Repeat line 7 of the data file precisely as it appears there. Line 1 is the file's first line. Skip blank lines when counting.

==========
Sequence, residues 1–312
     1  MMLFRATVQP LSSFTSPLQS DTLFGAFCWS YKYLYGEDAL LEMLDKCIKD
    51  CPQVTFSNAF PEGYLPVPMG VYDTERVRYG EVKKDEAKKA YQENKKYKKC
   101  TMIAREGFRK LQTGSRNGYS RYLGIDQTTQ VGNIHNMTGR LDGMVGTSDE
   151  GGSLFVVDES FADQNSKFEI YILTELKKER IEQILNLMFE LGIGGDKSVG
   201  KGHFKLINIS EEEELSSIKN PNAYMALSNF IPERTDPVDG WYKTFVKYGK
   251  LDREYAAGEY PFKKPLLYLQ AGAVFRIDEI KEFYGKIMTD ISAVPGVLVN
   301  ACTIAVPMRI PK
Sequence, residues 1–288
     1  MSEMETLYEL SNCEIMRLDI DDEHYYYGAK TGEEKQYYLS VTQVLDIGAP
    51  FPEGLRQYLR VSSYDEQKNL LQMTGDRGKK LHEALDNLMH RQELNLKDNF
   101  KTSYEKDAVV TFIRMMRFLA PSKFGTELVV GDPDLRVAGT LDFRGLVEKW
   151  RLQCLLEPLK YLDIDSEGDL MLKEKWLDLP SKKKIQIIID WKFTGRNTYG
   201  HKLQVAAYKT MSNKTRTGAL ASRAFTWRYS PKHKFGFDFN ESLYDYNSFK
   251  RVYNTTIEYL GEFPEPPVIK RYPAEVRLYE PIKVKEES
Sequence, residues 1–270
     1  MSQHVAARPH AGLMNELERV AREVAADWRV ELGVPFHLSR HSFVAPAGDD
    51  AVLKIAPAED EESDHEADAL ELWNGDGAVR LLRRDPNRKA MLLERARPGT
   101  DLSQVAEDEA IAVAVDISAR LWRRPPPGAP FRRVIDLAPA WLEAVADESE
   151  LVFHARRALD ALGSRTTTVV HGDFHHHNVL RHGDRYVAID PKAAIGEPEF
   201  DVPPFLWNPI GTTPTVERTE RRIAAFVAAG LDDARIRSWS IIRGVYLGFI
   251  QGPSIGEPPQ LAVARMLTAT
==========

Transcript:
   251  LDREYAAGEY PFKKPLLYLQ AGAVFRIDEI KEFYGKIMTD ISAVPGVLVN